Wood "bullet" blanks


#1

On another ammunition related fourm, there is a question about why some blank cartridges have wood “bullets” in them. I say that they are there solely to aid in feeding, as they replicate the profile of a standard cartridge. Secondary to this, the design facilitates the reuse of fired cases to make blanks. The opposing opinion is that the wood “bullet” is there to create back-pressure to operate recoil operated machineguns such as the MG 08/15, etc… and that no Blank Firing Adaptor is needed. I say the light weight of the wood “bullet” is insufficient to do this and a BFA/shredder is needed to operate the weapon. What say ye?

AKMS


#2

I have never fired gas system AR or MG what will operate without adaptor when use wooden blanks.


#3

I agree with Hammer. The wood bullets are too light to generate the pressures needed to operate gas-operated weapons or the recoil to operate recoil-operated weapons. In the case of German blanks, the wood bullets for various models of blanks have approximate weights as follows:

Platzpatrone 88 - 6.94 grains
Platzpatrone 98 - 5.5 grains
Platzpatrone 17 (actually a red paper bullet) - 15 grains
Platzpatrone 33 - 7 to 8.5 grains

Basically, these bullets weigh next to nothing - less even than a .22 LR bullet.

They are a guide to feeding. I can’t see any other reason for their design. If anyone knows of any other reason and can document it it would be great to hear from them.

It always struck me as amazing how well the US .30-06 blanks, with their empty-case profile and paper wad fed in our 1919A6 machineguns. Of course, there was a blank adaptor for those, too, and I seem to recall there was a feed-tray adaptor as well, for the shorter OAL of the blank, but it has been almost 50 years since I had anything to do with these, so beware of anecdotal evidence from old codgers with poor memories.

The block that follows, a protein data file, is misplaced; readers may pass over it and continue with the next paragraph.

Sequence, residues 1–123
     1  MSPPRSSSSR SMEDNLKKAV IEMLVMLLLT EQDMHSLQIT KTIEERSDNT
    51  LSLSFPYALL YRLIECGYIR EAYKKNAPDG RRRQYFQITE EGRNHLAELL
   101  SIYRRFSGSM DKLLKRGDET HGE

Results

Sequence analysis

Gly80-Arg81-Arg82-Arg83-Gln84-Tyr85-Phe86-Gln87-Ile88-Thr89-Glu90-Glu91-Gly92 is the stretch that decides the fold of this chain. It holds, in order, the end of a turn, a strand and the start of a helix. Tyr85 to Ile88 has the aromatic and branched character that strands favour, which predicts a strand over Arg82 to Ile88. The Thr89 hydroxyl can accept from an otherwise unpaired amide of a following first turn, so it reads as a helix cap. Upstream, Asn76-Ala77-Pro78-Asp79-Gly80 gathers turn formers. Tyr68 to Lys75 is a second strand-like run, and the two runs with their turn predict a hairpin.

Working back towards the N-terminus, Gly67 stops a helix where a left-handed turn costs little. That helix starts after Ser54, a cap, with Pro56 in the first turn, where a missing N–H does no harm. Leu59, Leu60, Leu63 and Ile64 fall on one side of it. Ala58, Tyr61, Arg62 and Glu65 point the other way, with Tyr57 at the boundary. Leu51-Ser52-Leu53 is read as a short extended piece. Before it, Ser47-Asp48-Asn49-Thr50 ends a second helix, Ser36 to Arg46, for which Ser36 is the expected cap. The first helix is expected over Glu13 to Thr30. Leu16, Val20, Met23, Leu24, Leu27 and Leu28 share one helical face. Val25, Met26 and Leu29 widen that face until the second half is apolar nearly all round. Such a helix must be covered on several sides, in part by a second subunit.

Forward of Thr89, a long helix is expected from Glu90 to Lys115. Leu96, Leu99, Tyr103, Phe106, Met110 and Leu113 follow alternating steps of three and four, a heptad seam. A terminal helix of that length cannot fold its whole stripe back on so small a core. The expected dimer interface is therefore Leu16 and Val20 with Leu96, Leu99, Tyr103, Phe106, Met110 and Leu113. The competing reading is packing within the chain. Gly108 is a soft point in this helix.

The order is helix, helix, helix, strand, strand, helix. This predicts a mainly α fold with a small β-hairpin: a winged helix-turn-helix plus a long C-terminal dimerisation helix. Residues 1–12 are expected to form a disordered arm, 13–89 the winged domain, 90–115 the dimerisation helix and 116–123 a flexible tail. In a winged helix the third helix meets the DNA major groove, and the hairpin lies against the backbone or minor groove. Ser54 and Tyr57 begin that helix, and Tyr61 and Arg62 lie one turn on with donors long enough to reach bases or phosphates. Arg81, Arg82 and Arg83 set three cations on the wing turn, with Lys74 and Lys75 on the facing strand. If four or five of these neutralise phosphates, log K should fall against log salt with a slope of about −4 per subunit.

#4

John

Don’t say that! I get 97% of my information from them. At least I think I do. I forget.

Ray


#5

The .303 Bren gun used a ‘bulleted’ blank round and in this role the live-firing barrel was removed and replaced with a blank firing barrel. This was identical to the live barrel excepting that it had a block of steel across the flash hider to smash the wooded bullet and direct it’s splinters down towards the ground. It did not, however, constrict the gas at all and the weapon functioned in the usual way and it was the wooden bullet that forced the gas back through the gas port to operate the mechanism. The weapon would have operated perfectly without that steel block.
Jim


#6

[quote=“Jim”]The .303 Bren gun used a ‘bulleted’ blank round and in this role the live-firing barrel was removed and replaced with a blank firing barrel. This was identical to the live barrel excepting that it had a block of steel across the flash hider to smash the wooded bullet and direct it’s splinters down towards the ground. It did not, however, constrict the gas at all and the weapon functioned in the usual way and it was the wooden bullet that forced the gas back through the gas port to operate the mechanism. The weapon would have operated perfectly without that steel block.
Jim[/quote]

Jim,

A few inches of the blank firing barrel, between the gas port and the angled baffle was of reduced bore, about .25 inch. So the hollow bullet was squeezed down in diameter, then allowed to open up again. This crushing and releasing, whilst having gas pressure inside it, splintered the bullet. The debris was then deflected downwards by the steel baffle. The constriction would probably have increased pressure at the gas port. I never found out if the gun would run blanks with a standard barrel, it was forbidden! This constriction made cleaning after firing a bitch.

gravelbelly


#7

‘Forbidden’ didn’t mean that there was absolutely no way that it could be done! I can confirm that the Bren gun would operate automatically with a live barrel and wooden blanks. I can remember trying to shoot pheasants in this way whilst on exercise, the gun worked fine but I never hit anything. Presumably the bullets were emerging as splinters due to the bore constriction.
Jim